Neurologist

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Mind-Body Sleep Solutions

What is Insomnia?

Insomnia is a common condition marked by difficulty falling asleep or staying asleep. People with chronic insomnia experience such difficulties at least three nights a week for more than a month.

In addition to leaving you low in energy during the daytime, insomnia may lead to anxiety, irritability, lack of focus, and memory problems.

The most common sleep complaint in the U.S., insomnia is estimated to affect about 30 to 40 percent of adults each year.

Natural Remedies for Insomnia

A number of natural substances (such as valerianand melatonin) have been found to fight insomnia.

Learn more about natural sleep aids.

Additionally, certain lifestyle changes (such as exercising regularly and managing stress) may help keep insomnia in check. Improving your sleep hygiene (by limiting your caffeine intake, establishing a regular bedtime, and keeping your bedroom as dark as possible at night, for example) may also help you achieve quality sleep, according to the National Sleep Foundation.

Mind-Body Solutions for Insomnia

In recent years, a number of studies have explored the use of mind-body therapies in treatment of insomnia. Here’s a look at some key findings.

1) Yoga and Sleep

For a preliminary study published in 2004, people with chronic insomnia practiced yogaeach day for eight weeks. Among the 20 participants completing the study, researchers observed significant improvements in several sleep-related factors (including total sleep time).

In a 2005 study of older adults, scientists discovered that those practicing yoga had a significant decrease in the time taken to fall asleep, an increase in the total number of hours slept, and an improvement in the feeling of being rested in the morning.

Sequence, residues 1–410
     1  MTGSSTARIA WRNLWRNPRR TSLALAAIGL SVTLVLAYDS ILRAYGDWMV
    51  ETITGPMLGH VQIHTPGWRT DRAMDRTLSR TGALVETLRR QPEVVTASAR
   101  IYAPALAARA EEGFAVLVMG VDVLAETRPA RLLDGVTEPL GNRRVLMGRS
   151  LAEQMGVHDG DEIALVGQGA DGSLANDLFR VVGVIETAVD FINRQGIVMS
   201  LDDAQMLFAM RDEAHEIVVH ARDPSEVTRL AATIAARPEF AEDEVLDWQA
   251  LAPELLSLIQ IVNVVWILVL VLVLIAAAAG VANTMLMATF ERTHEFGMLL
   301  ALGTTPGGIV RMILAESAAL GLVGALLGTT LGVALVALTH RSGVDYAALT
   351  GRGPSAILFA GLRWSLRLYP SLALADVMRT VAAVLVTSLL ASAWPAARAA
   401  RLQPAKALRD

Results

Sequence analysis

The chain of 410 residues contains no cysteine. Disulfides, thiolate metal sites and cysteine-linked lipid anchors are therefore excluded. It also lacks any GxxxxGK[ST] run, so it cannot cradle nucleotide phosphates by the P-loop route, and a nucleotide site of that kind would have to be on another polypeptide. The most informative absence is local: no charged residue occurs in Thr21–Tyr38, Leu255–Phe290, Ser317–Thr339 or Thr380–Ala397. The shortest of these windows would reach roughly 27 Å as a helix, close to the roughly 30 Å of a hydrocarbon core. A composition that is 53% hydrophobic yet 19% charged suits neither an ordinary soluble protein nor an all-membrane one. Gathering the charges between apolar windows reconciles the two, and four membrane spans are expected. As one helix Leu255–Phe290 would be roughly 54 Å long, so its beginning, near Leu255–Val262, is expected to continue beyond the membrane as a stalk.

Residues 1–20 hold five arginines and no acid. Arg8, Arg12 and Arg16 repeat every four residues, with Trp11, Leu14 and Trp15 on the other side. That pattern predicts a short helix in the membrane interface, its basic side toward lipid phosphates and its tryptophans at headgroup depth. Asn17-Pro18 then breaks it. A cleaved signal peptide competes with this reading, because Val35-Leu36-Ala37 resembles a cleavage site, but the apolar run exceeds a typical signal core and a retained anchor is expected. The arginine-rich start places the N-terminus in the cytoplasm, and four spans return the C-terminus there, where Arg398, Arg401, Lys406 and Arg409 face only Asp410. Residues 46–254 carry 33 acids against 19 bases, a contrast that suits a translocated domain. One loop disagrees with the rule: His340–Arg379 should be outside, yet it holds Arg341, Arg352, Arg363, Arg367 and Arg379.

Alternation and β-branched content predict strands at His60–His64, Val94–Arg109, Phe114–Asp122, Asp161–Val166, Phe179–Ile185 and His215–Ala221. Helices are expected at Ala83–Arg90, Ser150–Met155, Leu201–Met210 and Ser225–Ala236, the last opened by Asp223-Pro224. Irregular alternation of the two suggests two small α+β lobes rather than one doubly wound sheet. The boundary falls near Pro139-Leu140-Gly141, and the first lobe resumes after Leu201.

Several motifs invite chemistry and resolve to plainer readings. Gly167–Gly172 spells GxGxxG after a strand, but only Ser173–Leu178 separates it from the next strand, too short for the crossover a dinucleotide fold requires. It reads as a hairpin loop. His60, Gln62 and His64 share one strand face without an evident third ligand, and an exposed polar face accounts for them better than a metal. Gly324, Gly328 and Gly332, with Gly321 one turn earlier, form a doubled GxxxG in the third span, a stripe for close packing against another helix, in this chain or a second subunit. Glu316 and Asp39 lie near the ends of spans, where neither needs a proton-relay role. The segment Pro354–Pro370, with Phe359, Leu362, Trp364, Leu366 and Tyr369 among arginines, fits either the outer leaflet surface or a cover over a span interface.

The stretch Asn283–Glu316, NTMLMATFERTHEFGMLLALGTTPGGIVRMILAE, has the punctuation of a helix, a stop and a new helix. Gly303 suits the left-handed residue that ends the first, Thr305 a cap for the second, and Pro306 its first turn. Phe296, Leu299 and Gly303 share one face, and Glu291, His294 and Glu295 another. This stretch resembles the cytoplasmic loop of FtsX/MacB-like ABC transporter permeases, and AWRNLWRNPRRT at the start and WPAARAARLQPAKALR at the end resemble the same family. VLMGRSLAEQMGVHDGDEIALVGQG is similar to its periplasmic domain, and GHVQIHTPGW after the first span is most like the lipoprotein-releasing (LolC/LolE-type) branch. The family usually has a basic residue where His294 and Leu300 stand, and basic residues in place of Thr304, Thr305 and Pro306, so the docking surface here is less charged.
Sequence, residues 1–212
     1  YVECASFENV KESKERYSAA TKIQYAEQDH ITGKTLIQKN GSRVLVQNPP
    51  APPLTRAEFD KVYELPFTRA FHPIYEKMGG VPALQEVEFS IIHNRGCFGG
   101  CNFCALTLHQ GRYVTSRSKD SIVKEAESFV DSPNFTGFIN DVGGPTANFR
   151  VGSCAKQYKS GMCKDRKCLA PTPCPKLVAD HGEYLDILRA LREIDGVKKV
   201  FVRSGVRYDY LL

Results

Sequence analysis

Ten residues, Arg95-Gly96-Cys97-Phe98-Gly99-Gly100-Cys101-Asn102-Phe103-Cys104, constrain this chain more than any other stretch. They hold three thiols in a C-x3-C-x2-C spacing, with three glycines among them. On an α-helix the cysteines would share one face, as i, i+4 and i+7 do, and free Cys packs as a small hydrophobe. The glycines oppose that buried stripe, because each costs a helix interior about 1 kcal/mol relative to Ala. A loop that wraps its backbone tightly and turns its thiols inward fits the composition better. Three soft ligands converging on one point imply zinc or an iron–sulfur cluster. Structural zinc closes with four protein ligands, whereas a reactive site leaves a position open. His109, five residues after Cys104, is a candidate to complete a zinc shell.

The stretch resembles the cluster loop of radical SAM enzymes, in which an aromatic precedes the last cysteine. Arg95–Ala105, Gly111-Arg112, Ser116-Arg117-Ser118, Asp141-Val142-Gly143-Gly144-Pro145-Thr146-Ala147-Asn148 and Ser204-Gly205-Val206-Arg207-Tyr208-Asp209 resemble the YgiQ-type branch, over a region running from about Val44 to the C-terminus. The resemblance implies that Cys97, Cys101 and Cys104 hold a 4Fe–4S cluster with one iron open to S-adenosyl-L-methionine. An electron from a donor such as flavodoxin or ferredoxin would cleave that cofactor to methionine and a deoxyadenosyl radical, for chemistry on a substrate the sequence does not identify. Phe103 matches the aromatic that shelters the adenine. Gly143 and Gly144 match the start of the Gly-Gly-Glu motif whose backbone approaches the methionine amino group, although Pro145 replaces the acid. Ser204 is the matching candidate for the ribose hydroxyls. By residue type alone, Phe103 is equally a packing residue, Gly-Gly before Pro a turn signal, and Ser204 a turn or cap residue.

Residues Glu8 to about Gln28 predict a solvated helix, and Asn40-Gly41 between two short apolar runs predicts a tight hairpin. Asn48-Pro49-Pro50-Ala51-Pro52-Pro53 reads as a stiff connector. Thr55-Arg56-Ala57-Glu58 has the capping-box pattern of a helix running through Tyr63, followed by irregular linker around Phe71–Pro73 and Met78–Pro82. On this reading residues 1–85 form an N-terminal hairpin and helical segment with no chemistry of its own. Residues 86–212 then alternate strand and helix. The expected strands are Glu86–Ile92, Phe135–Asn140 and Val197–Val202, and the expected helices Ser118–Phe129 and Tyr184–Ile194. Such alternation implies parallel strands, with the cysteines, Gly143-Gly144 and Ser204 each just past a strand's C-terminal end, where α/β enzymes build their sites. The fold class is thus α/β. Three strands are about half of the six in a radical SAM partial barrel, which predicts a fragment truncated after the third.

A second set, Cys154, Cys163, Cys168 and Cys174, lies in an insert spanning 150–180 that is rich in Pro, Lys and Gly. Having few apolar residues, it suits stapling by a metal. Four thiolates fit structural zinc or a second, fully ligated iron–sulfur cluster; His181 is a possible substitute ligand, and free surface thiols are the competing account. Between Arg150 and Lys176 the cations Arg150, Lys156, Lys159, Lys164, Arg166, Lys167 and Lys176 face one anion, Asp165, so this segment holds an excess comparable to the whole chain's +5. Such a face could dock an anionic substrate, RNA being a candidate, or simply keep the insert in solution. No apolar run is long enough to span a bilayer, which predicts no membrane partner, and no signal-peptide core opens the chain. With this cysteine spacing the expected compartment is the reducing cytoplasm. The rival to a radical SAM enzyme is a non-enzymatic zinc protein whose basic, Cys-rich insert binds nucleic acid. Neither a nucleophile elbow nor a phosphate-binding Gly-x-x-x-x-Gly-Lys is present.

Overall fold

2) Tai Chi and Sleep

Tai chi (an ancient Chinese martial art that combines slow, graceful movements with deep breathing and meditation) may help enhance sleep quality and protect against insomnia in older adults.

In a 2008 study of 112 healthy older adults, researchers found that 25 weeks of tai chi practice improved sleep quality among those with moderate sleep complaints. An earlier study, published in 2004, showed that older adults who practiced tai chi for 60 minutes three times a week for six months increased their sleep duration and decreased the time it took to fall asleep at night.

3) Meditation and Sleep

Combining mindfulness meditation with cognitive behavioral therapy may have long-term benefits for people with chronic insomnia, according to a 2008 study. Analyzing sleep and meditation diaries provided by 21 participants, researchers observed that several sleep-related benefits were maintained throughout a 12-month period following treatment with mindfulness meditation and cognitive behavioral therapy (a form of psychotherapy that emphasizes the role of your own thoughts in how you feel and behave).

Mindfulness meditation is a form of meditation that involves focusing on your mind on the present. Here’s how to practice mindfulness meditation.

Sources:

Irwin MR, Olmstead R, Motivala SJ. “Improving sleep quality in older adults with moderate sleep complaints: A randomized controlled trial of Tai Chi Chih.” Sleep. 2008 1;31(7):1001-8.

Khalsa SB. “Treatment of chronic insomnia with yoga: a preliminary study with sleep-wake diaries.” Appl Psychophysiol Biofeedback. 2004 29(4):269-78.

Li F, Fisher KJ, Harmer P, Irbe D, Tearse RG, Weimer C. “Tai chi and self-rated quality of sleep and daytime sleepiness in older adults: a randomized controlled trial.” J Am Geriatr Soc. 2004 52(6):892-900.

Manjunath NK, Telles S. “Influence of Yoga and Ayurveda on self-rated sleep in a geriatric population.” Indian J Med Res. 2005 121(5):683-90.

Ong JC, Shapiro SL, Manber R. “Mindfulness meditation and cognitive behavioral therapy for insomnia: a naturalistic 12-month follow-up.” Explore (NY). 2009 5(1):30-6.

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January 29, 2010 - Posted by | 1

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